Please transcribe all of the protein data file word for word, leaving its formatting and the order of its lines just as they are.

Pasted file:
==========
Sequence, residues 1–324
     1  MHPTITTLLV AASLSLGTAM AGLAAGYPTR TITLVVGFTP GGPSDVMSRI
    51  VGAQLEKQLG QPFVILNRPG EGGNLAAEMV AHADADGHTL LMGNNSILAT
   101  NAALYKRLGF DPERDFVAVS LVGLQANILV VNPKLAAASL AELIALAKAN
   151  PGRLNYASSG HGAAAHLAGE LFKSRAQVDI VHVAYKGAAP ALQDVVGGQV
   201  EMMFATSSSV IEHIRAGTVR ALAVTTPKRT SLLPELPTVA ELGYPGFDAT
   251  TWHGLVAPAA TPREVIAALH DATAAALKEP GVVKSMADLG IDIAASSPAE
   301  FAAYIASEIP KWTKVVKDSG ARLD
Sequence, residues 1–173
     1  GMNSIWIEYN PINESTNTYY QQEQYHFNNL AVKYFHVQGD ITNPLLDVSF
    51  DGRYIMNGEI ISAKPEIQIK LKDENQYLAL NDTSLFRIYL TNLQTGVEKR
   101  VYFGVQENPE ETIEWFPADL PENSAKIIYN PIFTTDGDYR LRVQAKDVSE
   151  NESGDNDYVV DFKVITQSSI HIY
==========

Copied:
Sequence, residues 1–324
     1  MHPTITTLLV AASLSLGTAM AGLAAGYPTR TITLVVGFTP GGPSDVMSRI
    51  VGAQLEKQLG QPFVILNRPG EGGNLAAEMV AHADADGHTL LMGNNSILAT
   101  NAALYKRLGF DPERDFVAVS LVGLQANILV VNPKLAAASL AELIALAKAN
   151  PGRLNYASSG HGAAAHLAGE LFKSRAQVDI VHVAYKGAAP ALQDVVGGQV
   201  EMMFATSSSV IEHIRAGTVR ALAVTTPKRT SLLPELPTVA ELGYPGFDAT
   251  TWHGLVAPAA TPREVIAALH DATAAALKEP GVVKSMADLG IDIAASSPAE
   301  FAAYIASEIP KWTKVVKDSG ARLD
Sequence, residues 1–173
     1  GMNSIWIEYN PINESTNTYY QQEQYHFNNL AVKYFHVQGD ITNPLLDVSF
    51  DGRYIMNGEI ISAKPEIQIK LKDENQYLAL NDTSLFRIYL TNLQTGVEKR
   101  VYFGVQENPE ETIEWFPADL PENSAKIIYN PIFTTDGDYR LRVQAKDVSE
   151  NESGDNDYVV DFKVITQSSI HIY